OMEMO support in Tails
The OMEMO encryption /oˈmiːmoʊ/ (OMEMO Multi-End Message and Object Encryption) gives you all the advantages you would expect from a modern-day encryption protocol like Future and Forward Secrecy and deniability while allowing you to keep the benefits of message synchronization and offline delivery.
OMEMO not only gives you a better encryption features than OpenPGP and OTR but is also much easier to setup. OMEMO is the encryption you can actually use in your daily life. Turn it on once and forget you ever did.
OMEMO uses the Signal Protocal ratchet to establish secure sessions between every combination of devices for you and your contact. Those sessions are then being used to communicate secure keys to all devices. OMEMO will generate a new key for every message. That key is used to encrypt your message with AES-GCM. The long-lived Signal Protocal sessions in the background deal with the challenges of message reordering, message loss and accidental duplication.
Being built upon PEP (Personal Eventing Protocol) to announce the pre-keys used by Signal Protocal to establish new sessions, OMEMO requires little to no change to the existing XMPP server infrastructure.
Tails could work upstream to help Pidgin impliment OMEMO by assisting with this ticket: https://developer.pidgin.im/ticket/16801
Alternatively, Tails could include Gajim https://packages.debian.org/jessie/net/gajim and Kalkin's Gajim OMEMO plugin.
OTR is the current default chat encryption option on Tails. OTR is 10 years old and was never designed for modern day instant messaging.
#5 Updated by Kurtis over 2 years ago
Gajim's omemo plugin was put into the Debian sid repository a few weeks ago: https://packages.debian.org/sid/gajim-omemo I'm assuming it could be backported.
Pidgin might as well change their name to Ostrich, because their head is in the sand when it comes to adding support for OMEMO. https://developer.pidgin.im/ticket/16801
#6 Updated by intrigeri almost 2 years ago
https://current.workingdirectory.net/posts/2017/encrypted-mucs/ suggests that this needs polishing as the current UX is quite poor.
#7 Updated by Kurtis almost 2 years ago
Thanks for the link. I hadn't read that before.
Just got news that people are working to add OMEMO support to Pidgin: https://developer.pidgin.im/ticket/16801#comment:27 I'll try to dig some more to find more details.
I know that there is a chance that Tails could one day use Tor Messenger based on this: https://labs.riseup.net/code/issues/8577
Here's a ticket for TorMessenger OMEMO support: https://trac.torproject.org/projects/tor/ticket/17457
Here's a ticket for TorMessenger's upstream InstantBird OMEMO support: https://bugzilla.mozilla.org/show_bug.cgi?id=1237416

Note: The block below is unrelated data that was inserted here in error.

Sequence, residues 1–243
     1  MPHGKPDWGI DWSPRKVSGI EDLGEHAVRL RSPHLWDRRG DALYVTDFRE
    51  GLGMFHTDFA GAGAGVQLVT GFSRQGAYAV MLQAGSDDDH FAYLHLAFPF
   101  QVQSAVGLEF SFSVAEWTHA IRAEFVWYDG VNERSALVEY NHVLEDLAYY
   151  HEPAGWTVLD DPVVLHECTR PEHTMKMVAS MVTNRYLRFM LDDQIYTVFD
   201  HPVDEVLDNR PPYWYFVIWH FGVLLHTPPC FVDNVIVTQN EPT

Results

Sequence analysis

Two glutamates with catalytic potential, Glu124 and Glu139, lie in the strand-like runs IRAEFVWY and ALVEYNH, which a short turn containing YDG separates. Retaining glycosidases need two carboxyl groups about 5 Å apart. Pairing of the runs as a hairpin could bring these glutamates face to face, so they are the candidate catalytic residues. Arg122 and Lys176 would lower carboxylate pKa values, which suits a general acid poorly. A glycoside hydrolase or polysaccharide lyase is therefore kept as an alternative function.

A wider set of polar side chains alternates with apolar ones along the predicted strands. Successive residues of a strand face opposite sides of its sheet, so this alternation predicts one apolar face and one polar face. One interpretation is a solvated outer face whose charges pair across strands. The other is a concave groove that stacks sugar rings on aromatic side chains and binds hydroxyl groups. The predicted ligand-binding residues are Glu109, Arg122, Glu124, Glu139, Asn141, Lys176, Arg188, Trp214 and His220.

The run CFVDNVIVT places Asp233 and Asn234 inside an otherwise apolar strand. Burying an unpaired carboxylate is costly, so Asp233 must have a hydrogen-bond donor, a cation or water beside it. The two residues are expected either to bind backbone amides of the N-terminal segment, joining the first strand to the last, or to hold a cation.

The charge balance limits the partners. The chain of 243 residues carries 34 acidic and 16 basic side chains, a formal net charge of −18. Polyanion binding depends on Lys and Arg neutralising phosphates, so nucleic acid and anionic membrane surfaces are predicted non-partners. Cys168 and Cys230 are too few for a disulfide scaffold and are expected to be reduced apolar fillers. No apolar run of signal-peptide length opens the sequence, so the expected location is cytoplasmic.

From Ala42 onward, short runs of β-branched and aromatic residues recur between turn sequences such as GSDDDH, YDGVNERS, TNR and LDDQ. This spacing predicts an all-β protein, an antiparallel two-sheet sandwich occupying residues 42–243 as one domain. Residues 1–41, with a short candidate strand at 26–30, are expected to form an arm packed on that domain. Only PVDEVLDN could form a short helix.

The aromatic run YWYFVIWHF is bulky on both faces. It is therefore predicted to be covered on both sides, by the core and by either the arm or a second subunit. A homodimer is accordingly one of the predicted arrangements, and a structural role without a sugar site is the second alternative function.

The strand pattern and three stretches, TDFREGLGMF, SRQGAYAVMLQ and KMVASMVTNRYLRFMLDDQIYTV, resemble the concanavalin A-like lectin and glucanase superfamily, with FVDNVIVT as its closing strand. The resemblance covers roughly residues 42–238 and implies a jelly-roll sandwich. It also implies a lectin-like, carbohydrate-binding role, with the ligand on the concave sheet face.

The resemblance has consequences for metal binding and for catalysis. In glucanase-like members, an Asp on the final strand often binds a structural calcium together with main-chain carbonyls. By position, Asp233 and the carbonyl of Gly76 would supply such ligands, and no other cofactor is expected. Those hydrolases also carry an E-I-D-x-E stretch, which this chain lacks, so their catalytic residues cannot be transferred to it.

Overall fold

#8 Updated by Kurtis almost 2 years ago
Quick update: Two people that are working to add OMEMO support to Pidgin just posted at https://developer.pidgin.im/ticket/16801
If anyone wants to check out the OMEMO+XMPP+Pidgin alpha git repo that one of the devs posted, you can check it out here: https://git.imp.fu-berlin.de/mancho/libpurple-omemo-plugin
#13 Updated by intrigeri about 1 year ago
- Status changed from Rejected to Confirmed
- Priority changed from Normal to Low
- Affected tool set to Instant Messaging
This is a valid feature request. I think it'll be addressed either as part of #8573 or thanks to the upcoming changes to the Additional Software Package feature (which will soon become much more usable, better integrated, and thus an option for everyone who wants their preferred IM protocol/client, because we can't possibly ship them all).
libsignal-protocol-c is now in debian testing:
Friends of mine have extensively tested OMEMO and they report that:
- If different clients are used, with different implementation status of some tech details, one can easily lose messages without knowing they lost it.
- Encrypted groups don't work well, especially (or only) when different clients are used.
Sorry I have nothing more specific such as links to bug reports, but I do trust these friends to have tested this extensively, in practical use cases, for a non-trivial duration.
- I had no issues with OMEMO for private messages!
- [continuing the previous point] ... well, except the experience was too automatic and transparent, so it wasn't clear at all that OMEMO was enabled. The only interface you have is via
/lurch ...commands (and messages written to the chat log), and there's nothing reporting the status of OMEMO. The closest thing I found was that I could see that I have a key fingerprint, which I guess implies encryption at least is possible. IMHO this UX problem is a hard blocker for inclusion in Tails.
- Obviously lurch to lurch works fine, but I also successfully tested lurch to Conversations (which has a better UI and made it clear lurch managed to speak OMEMO) so at least some different implementations seem able to talk to each other. :)
- OMEMO for MUCs require that the room is non-anonymous (everyone's jid is exposed) and that everyone manually enables OMEMO (e.g.
/lurch enable) which was pretty limiting and awkward.
- They seem to care about being included in Tails: https://github.com/gkdr/lurch/issues/73 :)
I only tried OMEMO with Gajim. It works very well and depending on the server config, messages are kept on the server until I reconnect, so this is great. In Gajim, OMEMO is supported by default now. (while using it with OTR is not, and their security model stinks: it requires downloading untrusted ZIP files from somewhere in the universe).
I've not tried group chats, but Gajim is clever and can send messages to several devices at once (again, this is a server config issue).
I'd say: we could test if it works with Additional Software in Tails (and can persist the settings and keys). And one should probably test what happens if people try to install plugins using the above described disgusting method.